Hi there! Aside from my day job, I haven’t written anything of substance in several years. But the idea for this series has been stumbling around in my head for far too long to keep it caged up there any longer. This is actually a multi-part Top 40, embracing the highs (and lows) of music in movies. First up is today’s Top 10 Movies that Stole the Song. In the coming weeks, we’ll follow with The Top 10 Songs that Own the Movie, The 10 Worst Movies Named After Songs, and finally The Top 10 Movie Singalongs. And then I probably won’t write anything again for another half decade. But hey, enough of my yakkin’. Whaddya say? Let’s boogie!
Being a music supervisor for a movie soundtrack has to be one superb gig. Sure you have to answer to the director, but you spend your time poring over your vast music collection to find that one right song to fit each moment of the film. And sometimes if you nail it perfectly, the song you chose will never be able to live on its own again. The movie has taken complete ownership of the track, lock, stock, and barrel for all eternity. The moment someone hears one of these songs, they can’t help but be transported right back to the scene where it appears, even if they haven’t seen the film in years. You get the concept. In honor of the music supervisors and directors who made the most compelling pairings, these are the Top 10 Movies that Stole the Song.
Some quick notes on the rules: Songs written specifically for the movie don’t qualify because obviously ownership was established at the outset. Existing songs repositioned as onscreen sing-alongs will show up in our last installment. Musicals belong in some other category and with some other writer.
For years, Harry Nilsson toiled away as a relatively unknown singer/songwriter trying to find a way to break into the music business. After The Beatles publicly named him their “favorite American singer,” he suddenly became famous. His first album after receiving this attention, Ariel Ballet, featured the Grammy-winning cover of Fred Neil’s “Everbody’s Talkin’.” Nilsson was approached to provide a song for Midnight Cowboy, but the one he offered did not interest director John Schlesinger. He instead chose “Talkin’” to be the featured piece of music in the film’s first act. It’s hard to imagine any soundtrack better suiting the visuals of Jon Voigt’s Joe Buck as a fish out of water struggling to make heads or tails of life in New York City. Nilsson’s near yodel can’t help but transport you back to that time and place and wonder once again if Buck shouldn’t have just stayed at home.
9. Risky Business (1982), “Old Time Rock and Roll” by Bob Seger and the Silver Bullet Band
Let’s be honest. This is an awful song by any measure. It’s forced nostalgia of the worst kind. But the most famous scene in the film that made Tom Cruise a star serves as the setup for every vacationing parent’s worst nightmare. Dancing around in his underwear! What if the neighbors can see? And he messed up the levels on the hi-fi! But this moment’s small acts of rebellion are just the first innocent cracks in the veneer. Before long, a male hooker in a dress is going to ring the doorbell. In that sense, it may be the perfect song for this moment. Joel Goodson could have been listening to KISS or the Sex Pistols like most naïve well-off suburban “rebels.” But at this point, he’s only saying “What the heck?” It won’t take long for that last word to change into something more serious. The same goes for Joel’s backing music. Whenever you hear that opening piano riff, you expect someone to come sliding in on their tube socks. What comes later is anyone’s guess.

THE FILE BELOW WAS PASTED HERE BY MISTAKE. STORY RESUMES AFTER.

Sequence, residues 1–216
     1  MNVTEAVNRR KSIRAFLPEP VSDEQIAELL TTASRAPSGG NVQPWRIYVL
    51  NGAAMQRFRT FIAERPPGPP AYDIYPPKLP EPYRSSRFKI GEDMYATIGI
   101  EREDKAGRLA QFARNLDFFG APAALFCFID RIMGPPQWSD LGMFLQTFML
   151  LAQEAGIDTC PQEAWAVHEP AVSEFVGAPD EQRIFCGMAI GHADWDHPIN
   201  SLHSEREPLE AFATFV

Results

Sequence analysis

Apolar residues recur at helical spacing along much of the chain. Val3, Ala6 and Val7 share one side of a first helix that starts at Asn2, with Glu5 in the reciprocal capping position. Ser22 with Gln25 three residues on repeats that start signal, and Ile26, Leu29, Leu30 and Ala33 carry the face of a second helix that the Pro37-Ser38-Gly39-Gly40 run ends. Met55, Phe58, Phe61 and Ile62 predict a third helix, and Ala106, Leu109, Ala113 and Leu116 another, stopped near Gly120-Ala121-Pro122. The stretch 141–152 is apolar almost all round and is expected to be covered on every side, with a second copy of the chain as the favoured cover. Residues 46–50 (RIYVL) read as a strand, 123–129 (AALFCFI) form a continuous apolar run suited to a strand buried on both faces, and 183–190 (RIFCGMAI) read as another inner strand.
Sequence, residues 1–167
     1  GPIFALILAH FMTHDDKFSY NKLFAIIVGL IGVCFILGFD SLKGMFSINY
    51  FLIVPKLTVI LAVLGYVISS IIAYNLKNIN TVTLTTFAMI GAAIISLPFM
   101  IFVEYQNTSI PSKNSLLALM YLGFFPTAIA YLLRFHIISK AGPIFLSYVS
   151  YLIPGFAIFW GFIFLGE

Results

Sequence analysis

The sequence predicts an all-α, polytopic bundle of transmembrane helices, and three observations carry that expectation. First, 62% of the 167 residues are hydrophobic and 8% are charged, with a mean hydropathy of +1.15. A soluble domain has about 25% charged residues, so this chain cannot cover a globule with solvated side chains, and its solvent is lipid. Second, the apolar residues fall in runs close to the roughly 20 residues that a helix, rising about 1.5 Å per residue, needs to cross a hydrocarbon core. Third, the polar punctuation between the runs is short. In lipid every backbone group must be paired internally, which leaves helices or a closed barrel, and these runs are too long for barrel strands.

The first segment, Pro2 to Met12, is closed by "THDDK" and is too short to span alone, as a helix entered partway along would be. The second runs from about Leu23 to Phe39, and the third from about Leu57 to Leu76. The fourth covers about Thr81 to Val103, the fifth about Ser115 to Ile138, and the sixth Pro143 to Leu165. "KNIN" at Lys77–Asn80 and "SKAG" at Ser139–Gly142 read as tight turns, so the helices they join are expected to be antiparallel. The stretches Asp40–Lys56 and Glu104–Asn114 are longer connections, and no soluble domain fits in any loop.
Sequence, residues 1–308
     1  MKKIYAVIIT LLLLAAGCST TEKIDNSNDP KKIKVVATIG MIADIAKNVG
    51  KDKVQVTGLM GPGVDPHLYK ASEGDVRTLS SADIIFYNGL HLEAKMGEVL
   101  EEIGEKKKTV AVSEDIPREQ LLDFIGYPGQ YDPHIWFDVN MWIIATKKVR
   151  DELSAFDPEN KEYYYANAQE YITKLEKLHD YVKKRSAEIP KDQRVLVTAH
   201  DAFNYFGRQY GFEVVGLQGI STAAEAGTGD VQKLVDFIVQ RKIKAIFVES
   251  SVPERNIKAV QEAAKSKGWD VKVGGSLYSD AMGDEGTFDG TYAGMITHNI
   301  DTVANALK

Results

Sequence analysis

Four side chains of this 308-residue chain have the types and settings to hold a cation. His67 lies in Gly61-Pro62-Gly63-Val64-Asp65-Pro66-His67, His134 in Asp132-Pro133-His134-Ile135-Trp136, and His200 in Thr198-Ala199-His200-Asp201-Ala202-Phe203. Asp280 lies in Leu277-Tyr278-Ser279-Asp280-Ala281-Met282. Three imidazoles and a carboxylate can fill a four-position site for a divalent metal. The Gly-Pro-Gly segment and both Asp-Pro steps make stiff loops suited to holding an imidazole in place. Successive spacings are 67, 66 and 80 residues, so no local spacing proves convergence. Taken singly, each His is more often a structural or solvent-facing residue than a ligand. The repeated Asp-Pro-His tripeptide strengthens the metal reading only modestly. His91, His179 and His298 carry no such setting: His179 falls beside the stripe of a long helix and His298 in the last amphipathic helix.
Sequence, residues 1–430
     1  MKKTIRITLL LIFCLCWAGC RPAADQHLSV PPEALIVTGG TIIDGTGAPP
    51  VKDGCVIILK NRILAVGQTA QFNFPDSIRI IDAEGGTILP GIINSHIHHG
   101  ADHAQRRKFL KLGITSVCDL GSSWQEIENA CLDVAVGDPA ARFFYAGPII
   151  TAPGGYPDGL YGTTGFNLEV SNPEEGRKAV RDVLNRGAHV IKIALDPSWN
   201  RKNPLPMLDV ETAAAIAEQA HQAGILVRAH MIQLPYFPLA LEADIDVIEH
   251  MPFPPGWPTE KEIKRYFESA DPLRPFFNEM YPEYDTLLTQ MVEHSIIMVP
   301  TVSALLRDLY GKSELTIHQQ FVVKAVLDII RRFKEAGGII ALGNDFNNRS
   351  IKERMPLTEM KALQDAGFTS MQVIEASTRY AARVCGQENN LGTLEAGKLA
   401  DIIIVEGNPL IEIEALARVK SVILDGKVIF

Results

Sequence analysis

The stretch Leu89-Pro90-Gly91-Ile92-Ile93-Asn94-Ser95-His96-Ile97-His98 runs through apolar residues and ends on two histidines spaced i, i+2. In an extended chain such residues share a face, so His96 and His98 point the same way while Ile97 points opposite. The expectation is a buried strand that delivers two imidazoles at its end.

8. Almost Famous (2000), “Tiny Dancer” by Elton John
How does a movie about rock bands take a gentle Elton John ballad and make it the centerpiece of the entire film? Before I had even seen the movie, I ran into a friend who listened to nothing but hardcore post-punk yet found herself walking around singing it. I had to ask, “Are you singing Elton John? Are you OK?” She said, “Go see Almost Famous.” After taking her suggestion, it all made sense. For a band with too many ups and downs to keep count, the lowest point for Stillwater isn’t when they’re about to die in a plane crash. It’s the moment right before they listen to “Tiny Dancer.” Perhaps all on its own, the song is powerful enough to bring them from the verge of a hateful breakup to the cover of Rolling Stone. And every time I hear it, I just want to watch the whole movie again.
I am kinda sorta breaking the rules a bit here, but permit me some artistic license and you will see that this is the a worthy choice anyway. Donnie Darko is a movie based wholly on mood. It tries to play up the time period as being important but in reality it is a mystery wrapped in brooding atmosphere. Dig deeper and you tend to find that things aren’t as interesting as they felt that first time through. Originally a minor hit by Tears for Fears, the song was redone by Gary Jules specifically for the soundtrack to Donnie Darko. While technically that should disqualify it from this list, I’m going to take things a step further and say that the movie has also laid claim to the original Tears for Fears version. Judge for yourself. Can you hear this track without Frank’s fearsome bunny getup and crossing your mind? I didn’t think so.
UNAVOIDABLE SPOILERS: Sometimes a choice is just so darn obvious it seems very easy in retrospect. While Fight Club features a handful of known songs, the vast majority of its soundtrack consists of block-rockin’ beats by the Dust Brothers which escalate thee nervy confusion in each and every scene. After the big plot twist has been revealed and the last phase of Project Mayhem is unavoidably put into action, more high-energy techno would have left a missed opportunity on the table. Instead, Director David Fincher used Pixies’ classic as if to say to everyone “Hey, please don’t take this movie too seriously, OK?” While the lyrics overlap with the plot perhaps a little too on the nose, the upbeat riffing coupled with the mass destruction on screen give a wild movie the sendoff it deserves. You’ve surely never heard the song in the same way since.